Although formalism has been displaced by other literary approaches, Harry Potter appears to
fulfil the demands of what they viewed as a literary phenomenon; where valued canonical
texts are primarily characterised by the: “texture of the novel, with lingo that is both stylish
and sophisticated in expression”.

However, Barthes took an alternative approach; believing readers to play a pivotal role in
attributing value to a text. For him, this value came from the “effects of the text” and the
French theorist distinguished between two types. To call realist texts “readerly” meant the
readers immerse themselves within the action of the play and get “caught up in the enjoyment
of the narrative” (M. Montgomery): “The tunnel turned and turned again as every nerve in
Harry’s body twang like an elastic band. He wanted the tunnel to end, yet dreaded what he’d
find when it did. And then, at last, as he crept around yet another bend and saw a solid wall
ahead on which two entwined serpents were carved, their frightening eyes set with great,
glinting emeralds”. Reading this, you are inevitably hauled into the frightened mind of Harry,
the description feeding into the susceptible imagination as you disconnect from the real world
and instead envisage this dismal and ominous setting. This epitomises Barthes readerly idea of
texts which are “pleasurable” in effect and in many ways supports the commercialized values
of literary establishment. However, he preferred the “writerly” texts which provide a “blissful
effect”, those which require “careful attention to the process of writing” and open themselves
to numerous interpretations. If so, then Harry Potter also appears to fulfil this ideology: “The
curtain had finally parted to unveil the scorching sun. That day he reflected upon
Dumbledore’s words: you would be very much alive, for part of the soul remains earthbound
and undamaged. His brain had diverted numerous times that day, and now a new thought
process commenced. That creature. The vulgar, enticing as a snake”. The first sentence can be
interpreted in its literal sense, however figuratively, the “unveiled curtain” can be read as a
metaphorical representation of the uncovered secrets which had moments before been
revealed to Harry, whilst the scorching sun may be used to externalise Harry’s intense
suffering and feel of isolation. Additionally, the description of the soul seems to illustrate the
central concern of the novel; the clash between the supernatural and reality as illustrated in
Scott Sehons’ The Soul in Harry Potter: “Materialism is the dominant view among philosophers
and scientists in our world today. But materialism is false in the world of Harry Potter who
follows more on the Platonic concept of disembodied existence and the sentimental view of
the soul associated with making us who we are. A key issue of debate in today’s society”.
Finally the idea of the snake opens itself to multiple interpretations: is it a reference to the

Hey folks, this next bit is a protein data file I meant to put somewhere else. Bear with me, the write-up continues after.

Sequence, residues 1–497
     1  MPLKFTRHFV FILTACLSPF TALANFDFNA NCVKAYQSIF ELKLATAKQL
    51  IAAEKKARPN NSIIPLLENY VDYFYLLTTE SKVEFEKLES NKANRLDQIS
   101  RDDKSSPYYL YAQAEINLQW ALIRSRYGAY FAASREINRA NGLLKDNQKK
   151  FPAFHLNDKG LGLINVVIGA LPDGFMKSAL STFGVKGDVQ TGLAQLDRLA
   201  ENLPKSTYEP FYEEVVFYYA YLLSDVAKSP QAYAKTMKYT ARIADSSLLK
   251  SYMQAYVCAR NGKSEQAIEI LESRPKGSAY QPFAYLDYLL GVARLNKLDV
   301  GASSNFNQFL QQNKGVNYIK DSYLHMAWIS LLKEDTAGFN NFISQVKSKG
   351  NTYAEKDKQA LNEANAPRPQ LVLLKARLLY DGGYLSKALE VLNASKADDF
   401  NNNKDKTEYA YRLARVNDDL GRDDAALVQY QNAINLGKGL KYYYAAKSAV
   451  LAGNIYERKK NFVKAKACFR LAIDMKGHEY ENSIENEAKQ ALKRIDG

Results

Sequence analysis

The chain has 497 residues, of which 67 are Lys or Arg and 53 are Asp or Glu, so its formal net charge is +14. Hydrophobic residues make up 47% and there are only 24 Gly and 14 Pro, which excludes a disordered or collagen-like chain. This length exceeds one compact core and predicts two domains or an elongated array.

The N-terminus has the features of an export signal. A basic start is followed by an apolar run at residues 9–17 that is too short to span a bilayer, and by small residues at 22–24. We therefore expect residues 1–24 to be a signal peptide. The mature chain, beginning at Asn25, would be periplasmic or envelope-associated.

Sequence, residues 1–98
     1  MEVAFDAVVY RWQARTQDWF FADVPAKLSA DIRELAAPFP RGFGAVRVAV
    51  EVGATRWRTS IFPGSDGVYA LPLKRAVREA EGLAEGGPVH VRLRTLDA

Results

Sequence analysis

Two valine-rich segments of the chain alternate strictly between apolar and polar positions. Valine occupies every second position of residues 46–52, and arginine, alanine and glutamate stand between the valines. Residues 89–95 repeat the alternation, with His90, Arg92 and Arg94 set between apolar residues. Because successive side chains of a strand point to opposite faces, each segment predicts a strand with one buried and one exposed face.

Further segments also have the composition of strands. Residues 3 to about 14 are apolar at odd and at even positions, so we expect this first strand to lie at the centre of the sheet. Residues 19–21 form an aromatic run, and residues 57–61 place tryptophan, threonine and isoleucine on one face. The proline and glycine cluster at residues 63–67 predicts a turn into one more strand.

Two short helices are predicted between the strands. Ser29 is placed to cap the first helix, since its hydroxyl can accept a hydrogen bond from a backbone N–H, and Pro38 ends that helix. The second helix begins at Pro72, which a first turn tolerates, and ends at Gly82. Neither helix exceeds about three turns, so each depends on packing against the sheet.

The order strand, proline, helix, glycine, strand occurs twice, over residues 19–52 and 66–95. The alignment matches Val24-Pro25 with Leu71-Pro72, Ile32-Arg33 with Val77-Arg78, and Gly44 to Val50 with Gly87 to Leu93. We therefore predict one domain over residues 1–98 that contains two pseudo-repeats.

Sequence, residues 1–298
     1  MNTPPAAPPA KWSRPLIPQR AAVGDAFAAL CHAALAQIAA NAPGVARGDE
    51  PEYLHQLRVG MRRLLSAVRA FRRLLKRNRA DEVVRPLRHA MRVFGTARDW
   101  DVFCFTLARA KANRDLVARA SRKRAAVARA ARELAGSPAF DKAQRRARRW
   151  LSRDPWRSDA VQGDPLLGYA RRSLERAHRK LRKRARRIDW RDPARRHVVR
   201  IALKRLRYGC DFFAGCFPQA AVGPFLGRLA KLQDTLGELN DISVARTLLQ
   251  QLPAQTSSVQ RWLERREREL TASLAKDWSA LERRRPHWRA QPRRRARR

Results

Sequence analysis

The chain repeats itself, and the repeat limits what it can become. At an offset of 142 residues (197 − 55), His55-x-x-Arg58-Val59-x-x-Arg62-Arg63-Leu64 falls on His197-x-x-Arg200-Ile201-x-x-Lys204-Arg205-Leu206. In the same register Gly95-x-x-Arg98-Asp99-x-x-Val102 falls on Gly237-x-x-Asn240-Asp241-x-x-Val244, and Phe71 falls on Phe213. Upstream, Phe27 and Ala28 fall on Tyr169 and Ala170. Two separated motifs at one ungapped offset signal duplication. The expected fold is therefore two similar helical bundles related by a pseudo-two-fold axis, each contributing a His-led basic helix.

biblical account of the Original Sin, alerting readers of a sin he is about to be commit or merely
a simile comparison to depict the ruthless nature of the evil forces. Ultimately, Barthes
insisted, “the goal of literary work is to make the reader no longer a consumer, but a producer
of the text and that by turning the reader into the writer, writerly texts can defy the
commercialization and commodification of literature. Harry Potter appears to successfully
demonstrate this in both the “readerly and writerly” respects.

Conversely, Ursula Le Guin disagrees, arguing the inability of Children’s literature to stand
against the canonically respected adult texts. For her, the true “phenomenon” of literature
resides in works deemed as timeless classics; one’s which have surpassed vast periods of
scrutiny and marked revolutionary changes in the world of literature. Take Shakespeare, for
example, and As You Like It which sits in the A-level literature canon. Throughout the whole
play, Shakespeare challenges his contemporary socio-religious and political beliefs such as
Elizabethan ideas on primogeniture addressed from the right beginning: “thy blood a
peasant?…The courtesy of nations allows you my better in that you are first-born”. Although
an issue particular to the 16th century, it serves a didactic and universal message for all
periods on fairness, voracity and ‘Just laws’; further demonstrating Montgomery’s views
where: “The subject matter of valued texts is supposed to give the reader an insight into
fundamental universal concerns such as the nature of evil, corruptive effects of money […]”.
Additionally, the play is seen as a revolutionary adaption to the Pastoral genre; his realist
depictions of Country flaws creating a whole new movement known as the anti-pastoral.
Furthermore, his written expression and style is amongst the most highly commended. “Now,
my co-mates and brothers in exile, Hath not old custom made this life more sweet than that of
painted pomp?”. Not only is he celebrated due to his skilful deployment of iambic pentameter,